Home » Blog » Presentation Training Lessons Learned from Tokyo 2020

The flame of the Tokyo Olympics has been extinguished, and the preparation for Paris in 2024 has begun. There were some truly remarkable performances by athletes in all disciplines, from the traditional – track, field and in the pool – through to the new – BMX, skateboarding and speed climbing. Add in the Covid element, and it was an Olympics that will stay in the memory for years to come.

Across the globe, armchair athletes cheered them on in their millions. It didn’t matter a jot which country they represented or the technicalities of the sport (will anyone ever understand the finer nuances of the omnium?). Instead, we revelled in the amazing stories of sacrifice and commitment that each Olympian puts in to perform on the biggest World stage.

We’ve witnessed for ourselves the investment each of these athletes put into their sport. By day, Jack Phipps is an Eyeful Account Director, responsible for some of our most significant client relationships (and an excellent job he does of it as well). But by night and at weekends, Jack is an international pole vaulter who has hopes to make the cut for next year’s Commonwealth Games. As such, Jack is one of the most focused and committed people I’ve ever met – training at ungodly hours, watching every calorie consumed, steering away from sinful things like a post-work beer, always opting for a soft drink. He is ‘on it’ 100% of the time.

This commitment to being the best you can be put me in mind of great presenters. What is it that both groups do to be at the top of their game?

Taking a Holistic Approach

Like great athletes, effective presenters are usually the culmination of a lot of hard work across a range of disciplines.

Take boxing as an example – working on your strength but not giving your technique a decent workout might get you through the first minute of the first round but unlikely to win you the bout.

Presenting is precisely the same – it’s about getting a balance and maximising your skills across the board. Great soft skills don’t deliver results in isolation – they need to be supported with strong presentation storytelling and powerful visual punctuation to ensure your message is delivered, understood and actioned upon.

You Can’t Learn To Swim From A Book

While athletes invest time in learning the theory, they make those all-important marginal gains out on track. They get out there, push themselves and learn what works (and, equally importantly, what doesn’t).

With presenting, buying books like ‘How to Present Like Steve Jobs’ will get you so far, but you need to apply the theory to make a difference. So let’s dream big – what if, after reading the book, an expert who had been coached by Steve Jobs took you through the ‘reality’ of presenting great stories, owning the stage and building anticipation from an audience? That’s pretty much the thinking with Eyeful’s presentation training. Yes, we introduce our own IP through our book, ‘The Presentation Lab, but then create a presentation training programme that builds upon the theory by being put through your paces by an accredited Eyeful training practitioner.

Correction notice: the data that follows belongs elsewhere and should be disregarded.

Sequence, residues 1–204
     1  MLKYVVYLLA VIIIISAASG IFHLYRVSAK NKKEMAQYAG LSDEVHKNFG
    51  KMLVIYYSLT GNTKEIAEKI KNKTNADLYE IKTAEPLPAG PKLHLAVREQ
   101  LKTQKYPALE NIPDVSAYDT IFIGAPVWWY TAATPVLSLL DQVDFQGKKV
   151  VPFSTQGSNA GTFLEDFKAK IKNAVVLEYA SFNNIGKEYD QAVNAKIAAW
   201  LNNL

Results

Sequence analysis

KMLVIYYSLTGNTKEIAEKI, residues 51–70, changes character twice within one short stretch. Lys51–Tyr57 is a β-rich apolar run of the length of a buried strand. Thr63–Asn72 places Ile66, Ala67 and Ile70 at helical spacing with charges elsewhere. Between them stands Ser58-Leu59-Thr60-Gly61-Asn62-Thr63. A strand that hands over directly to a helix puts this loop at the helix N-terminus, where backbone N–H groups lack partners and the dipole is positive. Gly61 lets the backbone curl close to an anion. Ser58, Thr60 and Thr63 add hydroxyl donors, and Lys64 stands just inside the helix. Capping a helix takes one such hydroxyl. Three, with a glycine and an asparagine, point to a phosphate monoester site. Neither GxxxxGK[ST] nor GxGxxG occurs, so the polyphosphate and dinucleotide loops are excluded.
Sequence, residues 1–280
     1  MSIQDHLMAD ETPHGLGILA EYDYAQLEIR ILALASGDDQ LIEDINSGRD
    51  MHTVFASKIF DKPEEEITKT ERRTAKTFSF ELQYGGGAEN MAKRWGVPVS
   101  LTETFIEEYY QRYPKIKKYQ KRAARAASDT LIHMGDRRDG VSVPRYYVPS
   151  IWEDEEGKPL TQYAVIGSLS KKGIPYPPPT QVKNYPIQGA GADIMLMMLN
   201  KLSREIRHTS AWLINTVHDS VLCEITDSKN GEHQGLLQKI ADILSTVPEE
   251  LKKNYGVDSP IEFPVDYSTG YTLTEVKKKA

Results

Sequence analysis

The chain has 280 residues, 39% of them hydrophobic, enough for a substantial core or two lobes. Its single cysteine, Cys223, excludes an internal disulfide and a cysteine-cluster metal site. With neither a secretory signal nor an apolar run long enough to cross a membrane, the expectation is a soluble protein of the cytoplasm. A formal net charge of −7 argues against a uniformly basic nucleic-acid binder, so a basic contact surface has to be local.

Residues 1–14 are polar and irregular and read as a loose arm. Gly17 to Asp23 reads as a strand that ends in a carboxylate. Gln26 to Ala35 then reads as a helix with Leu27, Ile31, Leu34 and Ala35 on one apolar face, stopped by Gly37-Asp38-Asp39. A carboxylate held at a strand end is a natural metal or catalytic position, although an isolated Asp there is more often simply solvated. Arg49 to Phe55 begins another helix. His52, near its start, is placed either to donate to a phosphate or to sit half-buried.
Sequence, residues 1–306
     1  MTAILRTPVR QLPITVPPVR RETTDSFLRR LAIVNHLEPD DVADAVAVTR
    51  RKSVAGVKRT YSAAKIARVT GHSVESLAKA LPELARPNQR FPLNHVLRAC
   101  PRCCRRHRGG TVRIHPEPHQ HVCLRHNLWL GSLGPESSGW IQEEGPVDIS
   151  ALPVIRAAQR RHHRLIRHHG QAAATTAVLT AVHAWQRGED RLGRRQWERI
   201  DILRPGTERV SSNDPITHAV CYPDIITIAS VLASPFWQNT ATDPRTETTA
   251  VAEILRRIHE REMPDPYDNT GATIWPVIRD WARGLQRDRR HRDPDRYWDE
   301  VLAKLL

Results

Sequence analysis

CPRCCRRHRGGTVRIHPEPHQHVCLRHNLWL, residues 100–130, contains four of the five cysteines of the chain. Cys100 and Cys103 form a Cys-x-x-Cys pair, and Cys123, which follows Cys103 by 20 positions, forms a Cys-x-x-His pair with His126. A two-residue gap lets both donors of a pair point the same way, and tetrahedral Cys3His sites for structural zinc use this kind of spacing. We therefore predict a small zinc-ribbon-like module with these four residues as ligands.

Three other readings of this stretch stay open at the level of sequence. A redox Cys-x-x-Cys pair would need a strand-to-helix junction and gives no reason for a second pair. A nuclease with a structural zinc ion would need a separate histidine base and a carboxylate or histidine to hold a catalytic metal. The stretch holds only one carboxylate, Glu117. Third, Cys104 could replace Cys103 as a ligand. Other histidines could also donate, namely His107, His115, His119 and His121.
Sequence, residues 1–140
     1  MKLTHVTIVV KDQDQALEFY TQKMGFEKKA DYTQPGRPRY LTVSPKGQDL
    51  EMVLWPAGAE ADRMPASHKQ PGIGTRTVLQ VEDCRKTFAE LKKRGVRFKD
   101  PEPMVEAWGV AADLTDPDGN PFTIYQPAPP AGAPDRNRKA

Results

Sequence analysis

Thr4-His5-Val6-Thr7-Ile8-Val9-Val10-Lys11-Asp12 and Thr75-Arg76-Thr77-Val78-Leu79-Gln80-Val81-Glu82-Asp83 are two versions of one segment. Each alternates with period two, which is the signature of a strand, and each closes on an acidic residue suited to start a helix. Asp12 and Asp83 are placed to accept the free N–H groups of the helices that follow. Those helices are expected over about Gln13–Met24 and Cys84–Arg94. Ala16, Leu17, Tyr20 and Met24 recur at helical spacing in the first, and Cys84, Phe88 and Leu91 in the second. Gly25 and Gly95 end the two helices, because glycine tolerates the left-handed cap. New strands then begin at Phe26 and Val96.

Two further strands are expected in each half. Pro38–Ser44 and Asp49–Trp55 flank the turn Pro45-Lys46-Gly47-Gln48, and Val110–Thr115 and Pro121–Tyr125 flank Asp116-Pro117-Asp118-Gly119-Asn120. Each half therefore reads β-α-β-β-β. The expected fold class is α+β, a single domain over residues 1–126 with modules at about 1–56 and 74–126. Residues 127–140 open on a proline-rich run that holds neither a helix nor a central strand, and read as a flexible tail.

Turning the theory into practice is always going to pay longer-term dividends.

Coaches & Trainers Matter

Despite their superhuman appearance, athletes are human too. There will be times when they would prefer another 30 minutes under the duvet to working out on a cold and raining practice track. This is where trainers and coaches come in. They motivate, cajole, reinforce best practice and generally keep things moving in the right direction.

Every PB comes in part from the support provided by a trainer or coach.

The same goes for presenting. It’s all too easy to fall back into bad habits, to not complete an Audience Heatmap before a presentation, to fail to prepare your ‘Evaluate’ stories or to overlook your ‘Must-Intend-Like’ call to action. Great presentation trainers introduce and embed these principles, while internal coaches reinforce the right Presentation Culture within your business. Without these people in place, dreams of smashing your personal presentation PB will remain just that – a dream.

The Will to Succeed

No matter how naturally talented you are, either as an athlete or storyteller, you need to practice and commit. The age-old Arnold Palmer quote comes to mind – “It’s a funny thing. The more I practice, the luckier I get”.

Our very own Jack is one of the best pole vaulters in the country, not only because of his natural talent but also due to his incredible commitment to the sport and training. It’s quite a thing to behold.

Equally, the best presenters never get complacent. We’ve had incredibly experienced presenters book into the Presentation Campus because they wanted to continue to invest in their own skills. Each new idea and concept was viewed as a marginal gain, allowing them to keep on top of their game and ahead of the competition.


The Power of Presentation Storytelling:

Presentation Skills Training – From ‘Connect’ to ‘Sustain’:

Presentation Training – One Customer’s Story:

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